Lincoln Way is an abandoned neighborhood in Clairton


Lincoln Way is an Abandoned Neighborhood in Clairton

Lincoln Way is an abandoned neighborhood in Clairton, PA across from U.S. Steel’s Clairton Works, which is only about 30 minutes outside of Pittsburgh City. Lincoln Way consisted of 52 properties but never more than 40 houses. Sixteen families were driven from their homes in such a hurry leaving everything behind between 1970s and 2009 and nobody knows exactly why. Could it be due to an exceeding amount of foreclosure? But if that was the case, would it be possible for it to be an entire neighborhood?

Or could it because of an urban paranormal legend of a beast the size of a horse with red eyes that resides and lingers in the woods that surrounds the “once was” community of Lincoln Way that made them leave in such a hurry? This eerie rumor has been passed about for years, eventually becoming an urban legend. The aforementioned question has not been resolved as of yet, despite the fact that nobody can confirm if they are true or not. Whatever the case may be, do you dare to step foot on this empty street aligned with beat down houses? Well… I did with my camera by my side. It’s hard to explain what I felt at first because I was just in shock. Shocked because these used to be the homes of families with cars along the streets and kids playing in their yards to now…. just nothing but sad silence with broken homes withering away in decay, with belongings littering the ground. It was just really hard to take it in. There isn’t many homes left due to a fire that took place in one of the homes that left 2 more catching on fire as well in April of 2015.

The reality of Lincoln Way is a little bit dull and sad. The history of Lincoln Way is kind of difficult to uncover, maybe because of the above-mentioned monster stories. According to reports, Lincoln Way used to be a vibrant black community that was occupied by large families that depend on on each other. Lincoln Way was also home to several stores and a church. It also has a butcher shop which supplied meat from livestock that was raised behind the gardens, homes, and orchards.


Most of the news about Lincoln Way from 1920s through the 1930s was about differentiating individuals who lived and tagging them as Negroes or Negresses. In fact, most news items about the place talks about funerals, car accidents, rooms for rent, business ads, church announcements, and so forth. Racial discrimination may have been a contributing factor in the emigration of the residents of Lincoln Way. Another evident factor is the reckless reporting by news and tabloids toward the locals of the aforementioned area. Probably the most relevant article about the area was published 1932 and it was about the arrest of two men who was behind a series of bombings which destroyed both life and property at a traffic stop at Lincoln Way. During the time of their arrest these men were in a truck that was carrying a 35-pound bomb. This was believed to be the source of the blast which ruined a 40-room apartment nearby. However, these men lived about 20 minutes away from Lincoln Way.

Most men who resided in Lincoln Way worked at Carnegie Illinois Steel, which was located across the street from the gate of the community. One of the problems here at Lincoln Way was the pollution that was coming from the coke production, it was so rampant that it became a part of the everyday life at Lincoln Way. In fact, until today, Clairton Works is still one of the top polluters in the area, it was already complained and fined repeatedly for emissions of acrid sulfur dioxide a substance that smells like a lit match and irritates the nose, eyes, and throat. It was constructed in 1901. Since it was founded, the facility has been ranked by the authorities as one of the worst polluters in the area, and asthma attacks have increased dramatically, especially in youngsters. [1] And most people believe that the solution to improving Clairton’s air quality is to shut down the aforementioned factory.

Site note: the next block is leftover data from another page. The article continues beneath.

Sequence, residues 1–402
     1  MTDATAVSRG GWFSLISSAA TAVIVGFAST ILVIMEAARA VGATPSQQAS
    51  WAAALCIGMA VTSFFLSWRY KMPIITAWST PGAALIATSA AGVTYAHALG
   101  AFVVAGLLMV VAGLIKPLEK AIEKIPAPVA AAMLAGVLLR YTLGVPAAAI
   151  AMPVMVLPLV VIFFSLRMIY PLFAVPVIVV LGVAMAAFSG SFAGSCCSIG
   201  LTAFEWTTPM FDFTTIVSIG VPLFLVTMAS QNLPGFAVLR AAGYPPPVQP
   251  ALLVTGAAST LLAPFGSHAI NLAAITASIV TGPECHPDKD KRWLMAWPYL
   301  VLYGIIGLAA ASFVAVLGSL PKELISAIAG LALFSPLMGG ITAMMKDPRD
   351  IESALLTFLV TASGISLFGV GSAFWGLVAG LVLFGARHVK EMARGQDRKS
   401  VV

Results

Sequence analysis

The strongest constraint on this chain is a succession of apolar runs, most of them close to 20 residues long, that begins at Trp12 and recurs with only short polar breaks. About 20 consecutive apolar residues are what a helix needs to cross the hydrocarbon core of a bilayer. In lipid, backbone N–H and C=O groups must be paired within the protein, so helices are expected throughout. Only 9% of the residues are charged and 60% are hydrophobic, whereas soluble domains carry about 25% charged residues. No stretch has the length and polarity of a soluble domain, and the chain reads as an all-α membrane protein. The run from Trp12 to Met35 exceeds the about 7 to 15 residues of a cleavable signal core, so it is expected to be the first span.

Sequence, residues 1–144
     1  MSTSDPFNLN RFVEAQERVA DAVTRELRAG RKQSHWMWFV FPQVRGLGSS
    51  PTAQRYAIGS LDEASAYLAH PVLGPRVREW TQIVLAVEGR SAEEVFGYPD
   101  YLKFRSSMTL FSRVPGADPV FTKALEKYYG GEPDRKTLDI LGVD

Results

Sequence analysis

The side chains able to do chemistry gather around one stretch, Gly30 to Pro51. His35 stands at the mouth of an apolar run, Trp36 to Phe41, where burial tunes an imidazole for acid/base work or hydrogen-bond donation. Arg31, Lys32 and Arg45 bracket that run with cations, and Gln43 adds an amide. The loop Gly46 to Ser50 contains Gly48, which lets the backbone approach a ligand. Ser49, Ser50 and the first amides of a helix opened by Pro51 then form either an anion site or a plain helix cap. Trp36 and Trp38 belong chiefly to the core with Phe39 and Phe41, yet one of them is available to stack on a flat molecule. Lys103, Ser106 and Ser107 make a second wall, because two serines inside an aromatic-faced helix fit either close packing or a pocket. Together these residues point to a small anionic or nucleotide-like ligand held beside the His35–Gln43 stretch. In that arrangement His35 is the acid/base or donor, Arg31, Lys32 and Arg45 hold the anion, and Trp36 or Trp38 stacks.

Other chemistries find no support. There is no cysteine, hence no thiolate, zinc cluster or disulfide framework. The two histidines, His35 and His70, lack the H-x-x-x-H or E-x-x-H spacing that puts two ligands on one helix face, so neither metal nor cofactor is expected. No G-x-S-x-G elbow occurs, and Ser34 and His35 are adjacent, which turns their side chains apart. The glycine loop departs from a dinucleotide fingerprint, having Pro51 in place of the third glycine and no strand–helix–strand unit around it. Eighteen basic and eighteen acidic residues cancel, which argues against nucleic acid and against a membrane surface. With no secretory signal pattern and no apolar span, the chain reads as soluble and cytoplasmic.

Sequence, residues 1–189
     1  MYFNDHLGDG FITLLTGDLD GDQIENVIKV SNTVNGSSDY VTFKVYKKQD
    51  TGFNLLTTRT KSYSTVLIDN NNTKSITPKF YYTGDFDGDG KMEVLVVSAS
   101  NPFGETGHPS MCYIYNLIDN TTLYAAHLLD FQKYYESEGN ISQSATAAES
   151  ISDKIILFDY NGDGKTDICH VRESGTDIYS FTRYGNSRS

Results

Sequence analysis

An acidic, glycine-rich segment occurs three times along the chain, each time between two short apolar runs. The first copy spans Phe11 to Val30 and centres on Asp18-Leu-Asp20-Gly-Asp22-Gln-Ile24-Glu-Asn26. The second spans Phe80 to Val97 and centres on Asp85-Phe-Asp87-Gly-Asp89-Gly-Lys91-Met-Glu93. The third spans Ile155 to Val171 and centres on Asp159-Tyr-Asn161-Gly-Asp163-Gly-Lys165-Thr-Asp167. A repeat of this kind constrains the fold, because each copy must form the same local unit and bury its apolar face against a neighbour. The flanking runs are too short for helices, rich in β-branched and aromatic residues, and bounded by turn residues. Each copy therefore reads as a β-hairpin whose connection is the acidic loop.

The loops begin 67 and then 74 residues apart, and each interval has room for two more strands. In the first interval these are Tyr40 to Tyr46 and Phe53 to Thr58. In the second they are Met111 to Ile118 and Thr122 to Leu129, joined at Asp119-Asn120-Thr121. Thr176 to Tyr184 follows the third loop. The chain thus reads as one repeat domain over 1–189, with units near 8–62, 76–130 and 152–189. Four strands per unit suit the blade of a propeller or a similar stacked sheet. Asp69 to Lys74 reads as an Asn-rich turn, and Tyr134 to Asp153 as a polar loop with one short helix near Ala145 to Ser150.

As years passed by, the children who grew up in Lincoln Way started to leave for other areas. The men who worked at the mill died and left their widows as Lincoln Way’s remaining residents. These elderly residents started moving to nursing homes and others passed away leaving behind their belongings and homes The growing number of abandoned homes had devastating effects to Lincoln Way and the community struggled even more to entice new residents. The last house Lincoln Way was evacuated in 2012, and since then, the community had an eerie and post-apocalyptic vibe. From broken windows, mauled stuffed animals, grimy blinds, to the possessions of its former residents scattered throughout homes, these were all just memories of what was once a vibrant and bustling town.  The atmosphere of Lincoln Way is ideal if you enjoy viewing zombie-themed flicks. Here, you may see some homes that have been torn down and others that have sustained damage from being abandoned to deteriorate. In addition to run-down homes and graffiti on walls and fences, several of these properties have been overgrown with diverse plants. The irony is that local tourism is flourishing even though the once bustling community appears to have withered out. A few adventurers and vloggers had the audacity to enter and unravel the mystery of Lincoln Way. Want to explore abandoned towns and cool historic locations? Contact Empire State Trail Rentals for info on more spots like Lincoln Way and how to access them. 


[1] U.S. Steel shutting down Clairton’s three most-polluting batteries and halting $1.5 billion upgrade. Michael Machosky. Available at: [Accessed on February 24, 2023]

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